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Mills, J. (2015). On Found Objects: Reflections on Auschwitz. Psychoanal. Perspect., 12(2):220-224.

(2015). Psychoanalytic Perspectives, 12(2):220-224

On Found Objects: Reflections on Auschwitz

Jon Mills, PsyD, PhD, ABPP

It was December 19 in a rural community outside of Kraków. I was anticipating an abreaction, both dreading yet wanting it at the same time, when I felt a clinical detachment come over me instantly as I stepped into the first compound. It was cold, but there was no snow. I was numb inside—no, I take that back, rather an absence of feeling best describes it, but I didn’t know it then. I was frozen but it felt like nothingness. In retrospect, I believe I had rushed through the whole tour, simply wanting to escape. A free-floating trance permeated my visit throughout the entire day, like I was recovering from a hangover. I was unaware of any of this at the time. I can only conclude that my defenses had arranged this so that the details would not overwhelm me.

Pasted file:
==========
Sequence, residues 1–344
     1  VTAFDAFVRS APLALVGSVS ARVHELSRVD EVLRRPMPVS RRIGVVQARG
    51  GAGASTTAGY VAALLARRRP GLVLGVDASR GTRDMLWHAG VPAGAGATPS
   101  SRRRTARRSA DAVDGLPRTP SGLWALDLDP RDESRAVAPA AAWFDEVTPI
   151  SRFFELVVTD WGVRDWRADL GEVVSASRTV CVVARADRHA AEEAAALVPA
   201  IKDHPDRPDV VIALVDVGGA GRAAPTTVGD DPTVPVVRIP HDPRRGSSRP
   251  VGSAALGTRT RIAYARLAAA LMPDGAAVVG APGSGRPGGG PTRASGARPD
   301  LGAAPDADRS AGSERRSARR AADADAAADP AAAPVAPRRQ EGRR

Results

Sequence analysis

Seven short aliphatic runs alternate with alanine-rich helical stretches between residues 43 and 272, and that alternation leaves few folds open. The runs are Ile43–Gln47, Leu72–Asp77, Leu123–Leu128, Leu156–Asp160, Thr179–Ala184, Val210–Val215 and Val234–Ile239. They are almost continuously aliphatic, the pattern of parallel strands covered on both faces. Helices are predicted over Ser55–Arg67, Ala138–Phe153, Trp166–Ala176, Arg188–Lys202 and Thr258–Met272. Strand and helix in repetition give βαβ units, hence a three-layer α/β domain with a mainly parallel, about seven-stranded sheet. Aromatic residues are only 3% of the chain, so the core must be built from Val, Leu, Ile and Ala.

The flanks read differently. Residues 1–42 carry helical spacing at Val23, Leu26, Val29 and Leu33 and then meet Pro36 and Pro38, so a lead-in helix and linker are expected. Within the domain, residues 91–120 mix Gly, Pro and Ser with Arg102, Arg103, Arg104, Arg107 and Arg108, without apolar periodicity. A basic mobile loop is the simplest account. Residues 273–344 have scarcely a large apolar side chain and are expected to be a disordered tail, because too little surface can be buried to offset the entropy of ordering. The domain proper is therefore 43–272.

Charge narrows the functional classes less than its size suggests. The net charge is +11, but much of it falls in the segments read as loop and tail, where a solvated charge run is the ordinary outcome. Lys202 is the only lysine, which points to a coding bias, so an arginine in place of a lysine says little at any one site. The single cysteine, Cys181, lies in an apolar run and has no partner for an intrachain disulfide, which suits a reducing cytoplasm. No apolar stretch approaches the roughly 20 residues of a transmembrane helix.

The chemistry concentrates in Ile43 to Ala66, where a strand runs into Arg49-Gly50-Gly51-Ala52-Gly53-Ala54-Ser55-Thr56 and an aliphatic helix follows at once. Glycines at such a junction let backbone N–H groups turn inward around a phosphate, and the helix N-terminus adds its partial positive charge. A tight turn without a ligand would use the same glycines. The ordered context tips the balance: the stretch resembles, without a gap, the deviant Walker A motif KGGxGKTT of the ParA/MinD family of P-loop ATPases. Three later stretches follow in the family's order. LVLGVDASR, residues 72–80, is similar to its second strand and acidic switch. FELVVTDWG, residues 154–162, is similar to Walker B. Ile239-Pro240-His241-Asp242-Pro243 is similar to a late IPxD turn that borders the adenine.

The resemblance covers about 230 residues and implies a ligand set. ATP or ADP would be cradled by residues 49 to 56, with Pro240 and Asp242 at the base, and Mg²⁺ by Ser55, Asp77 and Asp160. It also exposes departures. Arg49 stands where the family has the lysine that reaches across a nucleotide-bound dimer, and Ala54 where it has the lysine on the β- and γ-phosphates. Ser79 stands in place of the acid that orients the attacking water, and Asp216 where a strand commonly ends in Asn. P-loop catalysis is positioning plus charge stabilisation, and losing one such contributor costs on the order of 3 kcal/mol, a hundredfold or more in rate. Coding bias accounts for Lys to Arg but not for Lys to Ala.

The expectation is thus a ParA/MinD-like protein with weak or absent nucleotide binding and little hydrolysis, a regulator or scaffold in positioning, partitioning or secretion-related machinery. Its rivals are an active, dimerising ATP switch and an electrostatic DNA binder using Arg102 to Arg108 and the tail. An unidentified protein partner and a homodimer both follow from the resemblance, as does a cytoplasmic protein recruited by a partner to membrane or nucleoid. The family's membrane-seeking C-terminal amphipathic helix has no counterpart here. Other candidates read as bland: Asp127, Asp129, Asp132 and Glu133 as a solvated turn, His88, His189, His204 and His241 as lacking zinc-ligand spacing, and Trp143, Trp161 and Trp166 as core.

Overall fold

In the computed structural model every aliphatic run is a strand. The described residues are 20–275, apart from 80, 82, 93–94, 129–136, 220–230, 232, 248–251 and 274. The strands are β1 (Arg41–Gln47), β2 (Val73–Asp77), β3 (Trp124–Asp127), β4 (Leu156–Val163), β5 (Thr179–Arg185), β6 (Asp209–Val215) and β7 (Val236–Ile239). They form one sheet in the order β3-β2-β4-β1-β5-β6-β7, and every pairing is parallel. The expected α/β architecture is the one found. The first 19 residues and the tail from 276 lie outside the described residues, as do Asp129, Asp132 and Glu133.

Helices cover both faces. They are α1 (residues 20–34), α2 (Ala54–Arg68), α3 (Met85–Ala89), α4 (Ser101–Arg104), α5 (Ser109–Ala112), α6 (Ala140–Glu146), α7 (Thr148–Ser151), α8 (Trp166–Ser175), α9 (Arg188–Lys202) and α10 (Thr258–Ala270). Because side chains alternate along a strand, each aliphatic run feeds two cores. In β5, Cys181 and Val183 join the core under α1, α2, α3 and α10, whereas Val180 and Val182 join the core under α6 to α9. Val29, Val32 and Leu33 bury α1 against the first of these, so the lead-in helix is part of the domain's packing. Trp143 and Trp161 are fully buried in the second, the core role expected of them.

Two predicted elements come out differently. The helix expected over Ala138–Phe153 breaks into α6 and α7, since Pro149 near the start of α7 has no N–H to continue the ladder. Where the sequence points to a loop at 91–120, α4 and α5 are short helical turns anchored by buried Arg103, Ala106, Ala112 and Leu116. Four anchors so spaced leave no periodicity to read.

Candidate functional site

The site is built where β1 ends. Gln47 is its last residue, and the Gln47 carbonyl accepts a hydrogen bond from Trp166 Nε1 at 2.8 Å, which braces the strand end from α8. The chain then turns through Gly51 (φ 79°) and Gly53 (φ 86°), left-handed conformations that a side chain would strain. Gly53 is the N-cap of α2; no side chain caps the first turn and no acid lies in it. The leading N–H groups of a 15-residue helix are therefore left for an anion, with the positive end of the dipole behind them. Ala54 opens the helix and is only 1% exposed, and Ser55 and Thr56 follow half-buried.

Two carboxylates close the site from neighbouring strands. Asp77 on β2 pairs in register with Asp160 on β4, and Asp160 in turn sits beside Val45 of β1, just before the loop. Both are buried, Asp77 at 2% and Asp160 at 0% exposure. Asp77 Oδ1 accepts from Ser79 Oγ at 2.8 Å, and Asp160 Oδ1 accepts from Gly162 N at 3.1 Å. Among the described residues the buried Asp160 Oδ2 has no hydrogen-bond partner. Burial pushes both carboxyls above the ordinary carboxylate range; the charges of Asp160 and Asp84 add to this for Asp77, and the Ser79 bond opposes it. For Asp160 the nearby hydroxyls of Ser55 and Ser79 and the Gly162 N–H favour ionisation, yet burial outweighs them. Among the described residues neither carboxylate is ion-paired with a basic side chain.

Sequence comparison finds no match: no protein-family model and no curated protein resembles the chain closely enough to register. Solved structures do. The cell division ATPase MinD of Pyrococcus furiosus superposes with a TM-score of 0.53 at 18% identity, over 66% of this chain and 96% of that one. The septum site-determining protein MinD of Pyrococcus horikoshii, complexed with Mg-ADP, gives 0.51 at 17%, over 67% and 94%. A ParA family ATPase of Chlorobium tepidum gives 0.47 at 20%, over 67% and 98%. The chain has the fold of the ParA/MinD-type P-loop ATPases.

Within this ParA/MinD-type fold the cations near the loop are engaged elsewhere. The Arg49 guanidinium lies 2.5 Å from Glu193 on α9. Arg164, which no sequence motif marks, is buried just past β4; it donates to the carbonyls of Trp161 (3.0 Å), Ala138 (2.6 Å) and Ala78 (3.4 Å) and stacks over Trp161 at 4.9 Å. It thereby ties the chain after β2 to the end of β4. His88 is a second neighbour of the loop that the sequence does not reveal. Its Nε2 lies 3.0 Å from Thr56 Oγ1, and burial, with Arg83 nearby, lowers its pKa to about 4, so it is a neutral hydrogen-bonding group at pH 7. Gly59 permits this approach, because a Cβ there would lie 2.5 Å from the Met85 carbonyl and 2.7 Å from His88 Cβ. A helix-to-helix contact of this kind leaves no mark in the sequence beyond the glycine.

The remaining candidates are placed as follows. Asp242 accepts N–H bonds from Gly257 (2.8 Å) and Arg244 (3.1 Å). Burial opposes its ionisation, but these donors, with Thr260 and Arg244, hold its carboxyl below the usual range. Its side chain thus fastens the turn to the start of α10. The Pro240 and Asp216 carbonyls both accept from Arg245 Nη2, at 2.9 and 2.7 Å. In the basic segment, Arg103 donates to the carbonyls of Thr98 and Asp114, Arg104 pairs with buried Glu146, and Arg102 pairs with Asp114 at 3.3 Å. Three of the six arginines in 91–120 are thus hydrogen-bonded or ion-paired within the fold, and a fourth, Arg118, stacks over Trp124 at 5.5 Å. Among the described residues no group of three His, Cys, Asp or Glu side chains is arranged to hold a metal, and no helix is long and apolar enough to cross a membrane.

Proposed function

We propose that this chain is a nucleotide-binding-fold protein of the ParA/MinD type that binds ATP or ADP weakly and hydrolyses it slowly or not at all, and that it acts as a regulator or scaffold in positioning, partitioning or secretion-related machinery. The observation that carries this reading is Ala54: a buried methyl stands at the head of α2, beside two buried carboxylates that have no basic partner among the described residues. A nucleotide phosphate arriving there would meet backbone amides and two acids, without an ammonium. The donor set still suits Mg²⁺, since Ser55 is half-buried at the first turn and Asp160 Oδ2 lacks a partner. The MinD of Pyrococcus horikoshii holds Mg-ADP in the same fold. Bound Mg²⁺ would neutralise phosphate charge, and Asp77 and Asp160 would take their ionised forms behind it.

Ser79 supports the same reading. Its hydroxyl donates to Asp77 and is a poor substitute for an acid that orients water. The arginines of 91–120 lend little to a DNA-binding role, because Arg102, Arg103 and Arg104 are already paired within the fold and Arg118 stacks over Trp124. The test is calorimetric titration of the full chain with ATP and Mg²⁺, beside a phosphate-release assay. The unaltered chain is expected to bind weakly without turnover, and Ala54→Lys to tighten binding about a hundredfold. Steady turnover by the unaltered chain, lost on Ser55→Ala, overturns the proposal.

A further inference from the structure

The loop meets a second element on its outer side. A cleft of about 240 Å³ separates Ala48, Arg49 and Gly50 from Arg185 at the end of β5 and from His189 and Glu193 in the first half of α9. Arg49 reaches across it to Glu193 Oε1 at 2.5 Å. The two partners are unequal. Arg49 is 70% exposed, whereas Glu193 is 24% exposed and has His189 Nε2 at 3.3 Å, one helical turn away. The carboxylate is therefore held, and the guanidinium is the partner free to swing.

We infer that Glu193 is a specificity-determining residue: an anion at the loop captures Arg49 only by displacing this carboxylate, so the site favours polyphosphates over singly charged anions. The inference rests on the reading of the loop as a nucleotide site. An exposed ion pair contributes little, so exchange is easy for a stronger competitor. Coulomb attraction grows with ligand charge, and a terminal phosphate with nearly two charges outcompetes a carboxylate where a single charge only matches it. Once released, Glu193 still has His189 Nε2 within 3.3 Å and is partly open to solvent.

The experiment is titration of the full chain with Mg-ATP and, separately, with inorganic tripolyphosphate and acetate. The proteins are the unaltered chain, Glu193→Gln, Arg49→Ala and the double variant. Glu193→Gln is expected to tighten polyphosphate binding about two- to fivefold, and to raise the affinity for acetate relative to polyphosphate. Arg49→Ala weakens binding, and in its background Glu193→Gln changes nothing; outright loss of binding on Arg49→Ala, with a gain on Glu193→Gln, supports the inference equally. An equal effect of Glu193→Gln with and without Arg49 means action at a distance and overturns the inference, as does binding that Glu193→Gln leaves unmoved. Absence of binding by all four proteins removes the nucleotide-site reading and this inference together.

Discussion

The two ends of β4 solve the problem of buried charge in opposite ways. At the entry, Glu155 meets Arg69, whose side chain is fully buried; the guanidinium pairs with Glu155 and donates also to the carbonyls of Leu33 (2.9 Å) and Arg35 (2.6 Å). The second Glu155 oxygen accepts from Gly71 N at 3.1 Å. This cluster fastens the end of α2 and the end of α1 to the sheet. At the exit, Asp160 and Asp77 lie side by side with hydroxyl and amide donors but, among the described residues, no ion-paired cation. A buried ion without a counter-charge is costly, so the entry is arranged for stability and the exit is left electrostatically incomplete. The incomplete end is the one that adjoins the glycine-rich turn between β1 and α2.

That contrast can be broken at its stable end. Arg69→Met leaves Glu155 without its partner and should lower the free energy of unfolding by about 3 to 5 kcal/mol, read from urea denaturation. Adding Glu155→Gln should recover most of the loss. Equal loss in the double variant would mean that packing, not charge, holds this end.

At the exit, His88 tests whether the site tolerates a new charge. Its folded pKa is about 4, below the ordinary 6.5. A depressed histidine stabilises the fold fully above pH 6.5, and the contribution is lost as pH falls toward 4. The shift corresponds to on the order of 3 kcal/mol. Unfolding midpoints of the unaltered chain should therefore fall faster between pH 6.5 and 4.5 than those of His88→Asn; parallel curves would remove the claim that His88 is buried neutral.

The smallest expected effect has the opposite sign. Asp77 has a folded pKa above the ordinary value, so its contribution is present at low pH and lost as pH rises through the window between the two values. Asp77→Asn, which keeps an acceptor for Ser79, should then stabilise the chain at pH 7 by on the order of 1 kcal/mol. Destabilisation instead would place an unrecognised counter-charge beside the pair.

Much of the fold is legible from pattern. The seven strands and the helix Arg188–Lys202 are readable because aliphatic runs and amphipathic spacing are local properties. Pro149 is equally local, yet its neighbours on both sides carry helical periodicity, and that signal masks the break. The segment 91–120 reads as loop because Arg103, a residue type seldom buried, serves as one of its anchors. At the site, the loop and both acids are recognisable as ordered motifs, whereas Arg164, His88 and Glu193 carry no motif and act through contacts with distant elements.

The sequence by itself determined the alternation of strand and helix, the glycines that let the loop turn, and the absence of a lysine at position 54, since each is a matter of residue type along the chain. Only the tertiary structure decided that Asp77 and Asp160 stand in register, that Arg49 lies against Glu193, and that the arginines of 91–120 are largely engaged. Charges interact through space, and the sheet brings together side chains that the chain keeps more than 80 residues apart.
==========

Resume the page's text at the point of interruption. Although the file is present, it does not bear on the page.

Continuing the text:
I’ve been prone to dissociate since childhood. One of my first formal photographs as a toddler dressed in Sunday’s best depicts a sepia tone studio portrait with my mouth wide open staring off into space with an empty gaze like a goldfish in a bowl. It may have been the desperate faces on the walls in Block 6 riddled with trauma, the vacant stares looking into the photographer’s camera during official processing after they debarked from the trains, having been stripped of their clothes and belongings, separated from family members, and, if they were in the wrong line, deceived into taking showers to refresh from the long excursion they endured cooped up in cattle cars like animals for days.

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